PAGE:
• In the event that you become ill, encounter exceptional stress, a feverish infection, or an injury, consult your doctor for advice. Your blood sugar levels and potential empagliflozin dosage may be impacted by certain factors.

What special dietary instructions should I follow?

Make sure to abide by all dietary and exercise advice given to you by your physician or nutritionist. It’s crucial to maintain a healthy diet and get frequent exercise. While taking this medication, make sure to hydrate properly throughout the day as directed by your doctor.

What should I do if I forget a dose?

If you miss a dosage, take it as soon as you recall. If the next dose is soon due, skip the missed one and carry on with your regular dosing plan. To make up for a missing dose, do not take a second one.

What side effects can this medication cause?

Your blood sugar levels may alter as a result of this drug. You should be aware of the signs of low and high blood sugar as well as what to do if you experience these signs.

There could be negative effects from empagliflozin. If any of these symptoms are severe or do not go away, let your doctor know right once:

  • A lot of urination, including at night
  • Heightened thirst

Some adverse effects can be very harmful. Call your doctor right away if any of these symptoms occur to you:

  • Frequent, throbbing, painful, or urgent urinating
  • Hazy, red, pink, or brown urine
  • Back or pelvic pain
  • Vaginal odour, white or yellowish vaginal discharge that may be lumpy or resemble cottage cheese, or vaginal irritation are all common in women
  • Redness, rash, itching, or swelling of the penis; discharge from the penis that smells bad; or soreness in the area of skin around the penis (in men).
  • Feeling exhausted, weak, or uneasy; fever; and genital discomfort, soreness, redness, or swelling; or the region between the genitalia and the rectum;
  • Flu-like signs

You should stop taking empagliflozin and contact your doctor right away if you have any of the following symptoms, or seek emergency medical attention:

  • Rash
  • Hives
  • Itching
  • Breathing or swallowing challenges
  • Face, throat, tongue, lips, mouth, or eyes swelling
  • Hoarseness

You should stop taking empagliflozin and call your doctor right away if you see any of the following ketoacidosis symptoms. You should also seek emergency medical attention. If you experience any of the following symptoms, even if your blood sugar is less than 250 mg/dL, try to check for ketones in your urine:

  • Nausea
  • Vomiting
  • Abdominal pain
  • Tiredness
  • Having trouble breathing

Other negative effects of empagliflozin are possible. If you experience any strange issues while taking this medicine, contact your doctor right away.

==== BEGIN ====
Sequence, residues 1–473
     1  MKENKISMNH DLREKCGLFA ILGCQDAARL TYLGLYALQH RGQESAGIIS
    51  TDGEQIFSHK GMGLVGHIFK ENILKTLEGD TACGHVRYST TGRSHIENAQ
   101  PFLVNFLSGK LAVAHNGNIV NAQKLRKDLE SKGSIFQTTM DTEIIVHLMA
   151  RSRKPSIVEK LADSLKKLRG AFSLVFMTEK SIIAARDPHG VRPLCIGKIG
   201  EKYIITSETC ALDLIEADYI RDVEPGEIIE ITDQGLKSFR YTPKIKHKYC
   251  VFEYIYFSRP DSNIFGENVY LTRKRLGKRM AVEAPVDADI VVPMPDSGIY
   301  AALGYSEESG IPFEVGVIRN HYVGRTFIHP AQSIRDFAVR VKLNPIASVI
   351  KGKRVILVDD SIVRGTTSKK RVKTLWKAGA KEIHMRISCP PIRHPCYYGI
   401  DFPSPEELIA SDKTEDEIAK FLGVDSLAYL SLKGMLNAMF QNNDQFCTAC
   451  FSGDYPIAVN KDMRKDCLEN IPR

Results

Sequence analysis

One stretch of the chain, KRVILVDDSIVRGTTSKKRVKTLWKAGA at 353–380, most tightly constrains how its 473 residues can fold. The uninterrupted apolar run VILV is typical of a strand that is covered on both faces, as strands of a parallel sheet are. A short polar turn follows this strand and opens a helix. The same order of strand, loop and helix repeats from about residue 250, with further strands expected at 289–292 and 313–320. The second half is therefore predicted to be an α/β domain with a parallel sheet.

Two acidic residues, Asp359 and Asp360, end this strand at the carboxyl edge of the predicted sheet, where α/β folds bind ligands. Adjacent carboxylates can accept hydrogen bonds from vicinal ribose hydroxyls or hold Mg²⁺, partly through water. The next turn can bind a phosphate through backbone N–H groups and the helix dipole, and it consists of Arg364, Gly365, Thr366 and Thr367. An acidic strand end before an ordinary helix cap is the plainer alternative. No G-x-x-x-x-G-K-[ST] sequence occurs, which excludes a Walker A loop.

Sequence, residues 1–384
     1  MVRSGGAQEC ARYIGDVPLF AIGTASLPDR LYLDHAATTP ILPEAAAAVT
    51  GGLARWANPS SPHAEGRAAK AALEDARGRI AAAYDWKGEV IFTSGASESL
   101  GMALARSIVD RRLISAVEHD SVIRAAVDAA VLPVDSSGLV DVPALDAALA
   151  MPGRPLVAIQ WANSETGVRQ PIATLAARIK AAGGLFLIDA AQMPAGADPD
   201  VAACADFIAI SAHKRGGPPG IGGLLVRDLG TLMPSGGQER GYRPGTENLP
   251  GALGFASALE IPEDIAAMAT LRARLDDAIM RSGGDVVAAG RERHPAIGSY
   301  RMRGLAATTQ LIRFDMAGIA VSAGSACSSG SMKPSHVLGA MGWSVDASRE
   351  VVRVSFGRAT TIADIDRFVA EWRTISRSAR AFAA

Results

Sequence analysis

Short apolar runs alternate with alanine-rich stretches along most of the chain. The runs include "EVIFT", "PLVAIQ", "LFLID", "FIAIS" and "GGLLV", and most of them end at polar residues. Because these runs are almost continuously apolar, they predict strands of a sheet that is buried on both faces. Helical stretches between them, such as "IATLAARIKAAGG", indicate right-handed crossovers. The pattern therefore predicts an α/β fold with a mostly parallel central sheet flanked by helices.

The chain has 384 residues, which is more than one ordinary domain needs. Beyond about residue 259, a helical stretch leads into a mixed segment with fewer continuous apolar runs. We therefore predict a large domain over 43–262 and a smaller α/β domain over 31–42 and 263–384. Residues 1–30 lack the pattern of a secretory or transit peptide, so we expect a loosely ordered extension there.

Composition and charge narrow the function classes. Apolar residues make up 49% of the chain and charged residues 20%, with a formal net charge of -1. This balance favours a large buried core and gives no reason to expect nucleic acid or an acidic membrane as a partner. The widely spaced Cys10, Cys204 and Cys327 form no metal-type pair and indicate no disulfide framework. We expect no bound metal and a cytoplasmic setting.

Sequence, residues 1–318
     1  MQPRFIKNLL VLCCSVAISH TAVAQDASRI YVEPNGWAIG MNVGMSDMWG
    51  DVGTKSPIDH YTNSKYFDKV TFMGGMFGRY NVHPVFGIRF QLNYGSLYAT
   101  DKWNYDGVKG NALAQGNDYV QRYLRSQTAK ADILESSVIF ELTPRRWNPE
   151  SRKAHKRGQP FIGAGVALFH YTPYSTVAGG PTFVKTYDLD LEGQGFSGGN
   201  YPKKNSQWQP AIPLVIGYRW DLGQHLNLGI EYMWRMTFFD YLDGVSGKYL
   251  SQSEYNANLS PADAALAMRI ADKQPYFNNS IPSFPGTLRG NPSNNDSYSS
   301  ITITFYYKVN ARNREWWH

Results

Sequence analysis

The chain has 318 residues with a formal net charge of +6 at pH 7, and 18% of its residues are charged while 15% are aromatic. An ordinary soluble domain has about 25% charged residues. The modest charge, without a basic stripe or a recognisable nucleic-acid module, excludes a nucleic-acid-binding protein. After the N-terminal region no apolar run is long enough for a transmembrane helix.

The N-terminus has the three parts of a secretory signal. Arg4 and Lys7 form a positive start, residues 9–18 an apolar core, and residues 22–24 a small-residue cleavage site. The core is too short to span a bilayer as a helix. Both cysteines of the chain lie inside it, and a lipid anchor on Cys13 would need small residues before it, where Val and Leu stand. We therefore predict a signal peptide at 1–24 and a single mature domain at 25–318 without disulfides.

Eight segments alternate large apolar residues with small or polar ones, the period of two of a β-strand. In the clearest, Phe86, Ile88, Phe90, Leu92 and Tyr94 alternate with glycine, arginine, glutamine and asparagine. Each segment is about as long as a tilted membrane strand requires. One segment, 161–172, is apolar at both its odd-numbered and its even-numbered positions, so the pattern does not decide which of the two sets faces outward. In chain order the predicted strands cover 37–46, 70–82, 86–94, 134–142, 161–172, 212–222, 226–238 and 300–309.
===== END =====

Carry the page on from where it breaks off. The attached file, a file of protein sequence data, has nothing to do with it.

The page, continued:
You or your doctor can submit a report to the Food and Drug Administration’s (FDA) MedWatch Adverse Event Reporting program online at or by phone at 1-800-332-1088 if you have a serious side event.

What should I know about storage and disposal of this medication?

Keep this medication tightly closed in the original container and out of the reach of children. Keep it at room temperature and out of the bathroom and other places with excessive heat and moisture.

As many containers (such as weekly pill minders and those for eye drops, creams, patches, and inhalers) are not child-resistant and are simple for young children to open, it is crucial to keep all medications out of sight and out of reach of children. Always lock safety caps and promptly stash medication up and away from young children where it is out of their sight and reach to prevent poisoning.

Unused prescriptions must be disposed of carefully to prevent pets, kids, and other people from ingesting them. You should not, however, dispose of this medication in the toilet. Instead, utilizing a medicine take-back program is the easiest approach to get rid of your medication. To find out about take-back programs in your area, speak with your chemist or the garbage/recycling agency in your city. If you do not have access to a take-back program, see the FDA’s Safe Disposal of Medicines website at for additional information.

In case of emergency/overdose

Call the poison control hotline at 1-800-222-1222 in the event of an overdose. Additionally, information can be found online at Call 911 right once if the person has collapsed, experienced a seizure, is having difficulty breathing, or cannot be roused.

What other information should I know?

Keep all of your appointments with your physician and the lab. You should routinely check your blood sugar levels to see how empagliflozin is impacting you. To monitor your reaction to empagliflozin, your doctor will also prescribe additional lab tests, such as HbA1c (glycosylated haemoglobin). Your doctor will also instruct you on how to measure your blood sugar levels at home in order to monitor your reaction to this medicine. Pay close attention to these directions.

Inform the lab staff and your doctor that you are taking empagliflozin prior to any laboratory test. Your urine may test positive for glucose because of the way this drug functions.

Wearing a diabetes identity bracelet will ensure that you receive the right care in an emergency.

No one else should take your medication. Any queries you may have regarding prescription refills should be directed to your chemist.

You should keep a written record of every medication you take, including any over-the-counter (OTC) items, prescription drugs, and dietary supplements like vitamins and minerals. This list should be brought with you whenever you see a doctor or are admitted to the hospital. You should always have this information with you in case of emergencies.

Brand names

  • Jardiance®
  • Glyxambi® (as a combination product containing Empagliflozin and Linagliptin)
  • Synjardy® (as a combination product containing Empagliflozin and Metformin)